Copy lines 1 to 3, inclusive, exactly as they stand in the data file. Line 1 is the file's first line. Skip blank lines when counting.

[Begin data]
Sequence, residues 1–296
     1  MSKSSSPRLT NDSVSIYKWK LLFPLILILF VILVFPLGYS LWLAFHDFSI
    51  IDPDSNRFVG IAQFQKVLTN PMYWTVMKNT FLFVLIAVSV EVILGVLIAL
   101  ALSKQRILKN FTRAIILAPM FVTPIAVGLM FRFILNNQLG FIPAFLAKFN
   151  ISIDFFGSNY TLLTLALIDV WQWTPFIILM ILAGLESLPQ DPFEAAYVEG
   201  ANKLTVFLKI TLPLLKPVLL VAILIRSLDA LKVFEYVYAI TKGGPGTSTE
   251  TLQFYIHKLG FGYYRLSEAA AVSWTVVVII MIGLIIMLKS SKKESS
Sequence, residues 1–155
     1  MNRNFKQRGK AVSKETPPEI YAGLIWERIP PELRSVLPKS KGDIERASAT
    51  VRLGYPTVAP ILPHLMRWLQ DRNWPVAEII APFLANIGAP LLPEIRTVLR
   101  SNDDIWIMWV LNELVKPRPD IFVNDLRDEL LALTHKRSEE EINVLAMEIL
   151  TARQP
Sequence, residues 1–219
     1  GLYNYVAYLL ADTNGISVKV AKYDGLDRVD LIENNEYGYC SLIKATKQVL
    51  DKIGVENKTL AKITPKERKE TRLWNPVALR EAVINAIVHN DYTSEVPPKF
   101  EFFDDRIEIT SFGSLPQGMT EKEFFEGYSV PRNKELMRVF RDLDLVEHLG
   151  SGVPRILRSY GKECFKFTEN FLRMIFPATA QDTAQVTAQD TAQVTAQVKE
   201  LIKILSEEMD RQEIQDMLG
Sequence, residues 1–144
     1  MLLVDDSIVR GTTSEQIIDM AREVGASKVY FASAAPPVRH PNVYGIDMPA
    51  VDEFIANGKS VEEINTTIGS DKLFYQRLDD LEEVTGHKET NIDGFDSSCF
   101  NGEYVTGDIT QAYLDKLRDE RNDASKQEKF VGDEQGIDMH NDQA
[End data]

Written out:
Sequence, residues 1–296
     1  MSKSSSPRLT NDSVSIYKWK LLFPLILILF VILVFPLGYS LWLAFHDFSI
    51  IDPDSNRFVG IAQFQKVLTN PMYWTVMKNT FLFVLIAVSV EVILGVLIAL